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Christianity, Empire, and the Making of Religion in Late Antiquity

Christianity, Empire, and the Making of Religion in Late Antiquity

by Jeremy M. Schott

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In Christianity, Empire, and the Making of Religion in Late Antiquity, Jeremy M. Schott examines the ways in which conflicts between Christian and pagan intellectuals over religious, ethnic, and cultural identity contributed to the transformation of Roman imperial rhetoric and ideology in the early fourth century C.E. During this turbulent period, which


In Christianity, Empire, and the Making of Religion in Late Antiquity, Jeremy M. Schott examines the ways in which conflicts between Christian and pagan intellectuals over religious, ethnic, and cultural identity contributed to the transformation of Roman imperial rhetoric and ideology in the early fourth century C.E. During this turbulent period, which began with Diocletian's persecution of the Christians and ended with Constantine's assumption of sole rule and the consolidation of a new Christian empire, Christian apologists and anti-Christian polemicists launched a number of literary salvos in a battle for the minds and souls of the empire.

Schott focuses on the works of the Platonist philosopher and anti- Christian polemicist Porphyry of Tyre and his Christian respondents: the Latin rhetorician Lactantius, Eusebius, bishop of Caesarea, and the emperor Constantine. Previous scholarship has tended to narrate the Christianization of the empire in terms of a new religion's penetration and conquest of classical culture and society. The present work, in contrast, seeks to suspend the static, essentializing conceptualizations of religious identity that lie behind many studies of social and political change in late antiquity in order to investigate the processes through which Christian and pagan identities were constructed. Drawing on the insights of postcolonial discourse analysis, Schott argues that the production of Christian identity and, in turn, the construction of a Christian imperial discourse were intimately and inseparably linked to the broader politics of Roman imperialism.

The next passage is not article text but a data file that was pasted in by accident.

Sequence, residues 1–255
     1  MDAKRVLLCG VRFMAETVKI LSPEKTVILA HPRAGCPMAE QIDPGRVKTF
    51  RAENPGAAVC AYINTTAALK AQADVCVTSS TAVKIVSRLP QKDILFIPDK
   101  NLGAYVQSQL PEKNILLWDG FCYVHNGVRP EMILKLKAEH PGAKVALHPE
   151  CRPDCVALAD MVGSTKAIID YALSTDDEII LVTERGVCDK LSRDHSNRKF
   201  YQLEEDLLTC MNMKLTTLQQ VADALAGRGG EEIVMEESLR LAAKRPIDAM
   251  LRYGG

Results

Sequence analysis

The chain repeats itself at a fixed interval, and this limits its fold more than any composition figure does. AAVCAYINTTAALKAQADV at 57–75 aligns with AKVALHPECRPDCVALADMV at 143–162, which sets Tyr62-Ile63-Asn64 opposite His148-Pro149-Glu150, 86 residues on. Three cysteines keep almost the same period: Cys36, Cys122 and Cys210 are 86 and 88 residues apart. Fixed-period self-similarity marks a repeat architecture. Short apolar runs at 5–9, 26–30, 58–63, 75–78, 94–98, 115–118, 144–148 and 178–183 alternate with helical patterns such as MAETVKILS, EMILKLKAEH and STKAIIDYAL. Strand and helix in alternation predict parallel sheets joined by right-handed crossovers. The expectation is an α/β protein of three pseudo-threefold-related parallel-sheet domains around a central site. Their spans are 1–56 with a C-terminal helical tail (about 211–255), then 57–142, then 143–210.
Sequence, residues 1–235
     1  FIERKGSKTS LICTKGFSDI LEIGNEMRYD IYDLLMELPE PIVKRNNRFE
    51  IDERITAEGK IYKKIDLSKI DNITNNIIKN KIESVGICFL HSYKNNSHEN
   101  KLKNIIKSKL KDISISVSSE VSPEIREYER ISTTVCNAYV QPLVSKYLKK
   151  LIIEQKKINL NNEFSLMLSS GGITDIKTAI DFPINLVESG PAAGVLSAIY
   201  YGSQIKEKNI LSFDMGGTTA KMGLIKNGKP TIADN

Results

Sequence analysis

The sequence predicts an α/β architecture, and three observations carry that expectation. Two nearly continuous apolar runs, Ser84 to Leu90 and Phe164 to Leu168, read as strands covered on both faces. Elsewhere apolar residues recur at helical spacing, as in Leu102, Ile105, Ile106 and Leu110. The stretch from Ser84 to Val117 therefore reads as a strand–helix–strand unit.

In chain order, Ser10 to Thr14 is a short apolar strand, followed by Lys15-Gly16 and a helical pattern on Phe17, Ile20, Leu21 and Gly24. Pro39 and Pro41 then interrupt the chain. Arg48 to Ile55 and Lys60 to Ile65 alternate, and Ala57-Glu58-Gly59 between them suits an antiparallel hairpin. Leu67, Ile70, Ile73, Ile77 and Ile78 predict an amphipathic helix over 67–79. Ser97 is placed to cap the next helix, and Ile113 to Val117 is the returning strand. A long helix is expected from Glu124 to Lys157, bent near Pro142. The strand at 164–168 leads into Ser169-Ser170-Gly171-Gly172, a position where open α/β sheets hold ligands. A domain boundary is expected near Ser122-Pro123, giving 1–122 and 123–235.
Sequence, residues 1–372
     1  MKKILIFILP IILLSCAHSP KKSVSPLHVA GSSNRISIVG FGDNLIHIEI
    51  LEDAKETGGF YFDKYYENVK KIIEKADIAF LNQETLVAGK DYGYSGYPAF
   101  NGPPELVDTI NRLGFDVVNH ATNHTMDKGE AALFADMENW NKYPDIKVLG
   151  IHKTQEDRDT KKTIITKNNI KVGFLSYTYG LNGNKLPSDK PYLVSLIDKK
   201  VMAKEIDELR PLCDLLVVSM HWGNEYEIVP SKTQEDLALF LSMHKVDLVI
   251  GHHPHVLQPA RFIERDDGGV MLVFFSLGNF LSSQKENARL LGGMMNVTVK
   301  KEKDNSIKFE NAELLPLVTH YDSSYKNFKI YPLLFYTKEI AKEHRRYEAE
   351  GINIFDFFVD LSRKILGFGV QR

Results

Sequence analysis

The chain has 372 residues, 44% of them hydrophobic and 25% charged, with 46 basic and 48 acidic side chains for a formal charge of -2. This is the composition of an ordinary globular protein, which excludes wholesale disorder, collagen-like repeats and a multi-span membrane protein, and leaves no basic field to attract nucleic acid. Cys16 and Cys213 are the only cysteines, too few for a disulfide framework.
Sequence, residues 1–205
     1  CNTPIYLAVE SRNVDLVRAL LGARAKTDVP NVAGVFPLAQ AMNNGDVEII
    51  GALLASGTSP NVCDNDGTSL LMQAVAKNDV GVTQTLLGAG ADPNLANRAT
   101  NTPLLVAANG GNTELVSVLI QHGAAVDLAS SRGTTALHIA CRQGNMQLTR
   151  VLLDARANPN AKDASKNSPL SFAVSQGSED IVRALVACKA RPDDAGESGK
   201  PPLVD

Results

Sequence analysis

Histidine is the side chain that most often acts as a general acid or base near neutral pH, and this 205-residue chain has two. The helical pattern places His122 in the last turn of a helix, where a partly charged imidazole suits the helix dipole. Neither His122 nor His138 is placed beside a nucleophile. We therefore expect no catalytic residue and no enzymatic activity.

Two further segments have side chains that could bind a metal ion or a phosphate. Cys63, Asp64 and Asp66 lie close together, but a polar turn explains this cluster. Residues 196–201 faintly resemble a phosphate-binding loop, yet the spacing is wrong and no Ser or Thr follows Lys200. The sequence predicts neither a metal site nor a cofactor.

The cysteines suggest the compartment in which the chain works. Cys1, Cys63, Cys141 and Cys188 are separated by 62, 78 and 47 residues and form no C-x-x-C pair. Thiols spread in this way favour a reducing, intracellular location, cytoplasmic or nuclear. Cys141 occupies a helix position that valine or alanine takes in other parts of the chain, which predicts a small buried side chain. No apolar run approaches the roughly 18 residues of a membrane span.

Editorial Reviews

From the Publisher
"Jeremy M. Schott has done a masterful job of elucidating the points of connection—even debate—between Porphyry of Tyre, Lactantius, Constantine, and Eusebius. These men were the most prominent participants in the conversations, debates, and policies that guided Rome's transformations from pagan to Christian state. How their ideas respond to one another has, until now, not been satisfactorily mapped out."—Elizabeth Digeser, University of California, Santa Barbara

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University of Pennsylvania Press, Inc.
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Divinations: Rereading Late Ancient Religion
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In 299 C.E. things were going well for Diocletian. His political experiment in tetrarchy had paid off. Maximian and Constantius I had defeated the usurper Carausius in Gaul and Britain. Meanwhile, Diocletian's Caesar, Galerius, had defeated the Persians and concluded a treaty that promised to secure the eastern borders. A pious man, Diocletian attended auguries following his recent successes. These sacrifices did not go as planned. Despite repeated attempts, the haruspices were unable to read the entrails of the sacrificial victims. Somehow, "either by suspicion of by seeing it himself," the chief haruspex identified the problem: "profane people"—the Christians—were interfering with the rites. Diocletian required members of his court and his army to perform a traditional sacrifice; surely this would weed-out, or reform, anyone so impious as to disturb the traditional religion of the court. And so the matter stood, until the winter of 302-303, when, according to the Christian apologist Lactantius, Diocletian and Galerius summoned "judges . . . and some military leaders who held superior rank," as well as some "friends" of the Emperor to court. According to the Christian apologist Lactantius, the decision to initiate the Great Persecution came only after a series of consultations and conferences with various advisors. During the winter of 302-303, Diocletian's advisors recommended that the Christians "as enemies of the gods and hostile to traditional religion, ought to be done away with." By the end of February 303, the Great Persecution was on.